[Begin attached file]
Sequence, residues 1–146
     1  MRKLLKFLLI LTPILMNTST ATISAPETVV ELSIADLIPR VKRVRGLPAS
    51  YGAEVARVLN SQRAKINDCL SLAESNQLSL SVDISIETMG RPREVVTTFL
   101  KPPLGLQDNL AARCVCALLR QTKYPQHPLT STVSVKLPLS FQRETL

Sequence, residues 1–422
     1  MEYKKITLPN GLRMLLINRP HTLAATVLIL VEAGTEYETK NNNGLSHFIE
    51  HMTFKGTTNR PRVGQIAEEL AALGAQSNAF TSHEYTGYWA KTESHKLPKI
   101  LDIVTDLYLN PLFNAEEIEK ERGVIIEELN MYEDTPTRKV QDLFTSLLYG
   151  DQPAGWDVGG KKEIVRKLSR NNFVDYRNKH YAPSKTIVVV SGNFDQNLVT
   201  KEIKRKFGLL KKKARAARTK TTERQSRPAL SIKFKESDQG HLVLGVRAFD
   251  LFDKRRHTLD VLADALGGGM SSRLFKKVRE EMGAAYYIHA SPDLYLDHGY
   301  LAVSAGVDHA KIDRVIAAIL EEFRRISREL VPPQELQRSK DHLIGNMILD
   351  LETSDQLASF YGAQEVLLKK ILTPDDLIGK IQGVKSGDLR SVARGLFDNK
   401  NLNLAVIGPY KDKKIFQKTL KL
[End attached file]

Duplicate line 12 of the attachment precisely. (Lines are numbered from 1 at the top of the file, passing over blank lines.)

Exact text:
   301  LAVSAGVDHA KIDRVIAAIL EEFRRISREL VPPQELQRSK DHLIGNMILD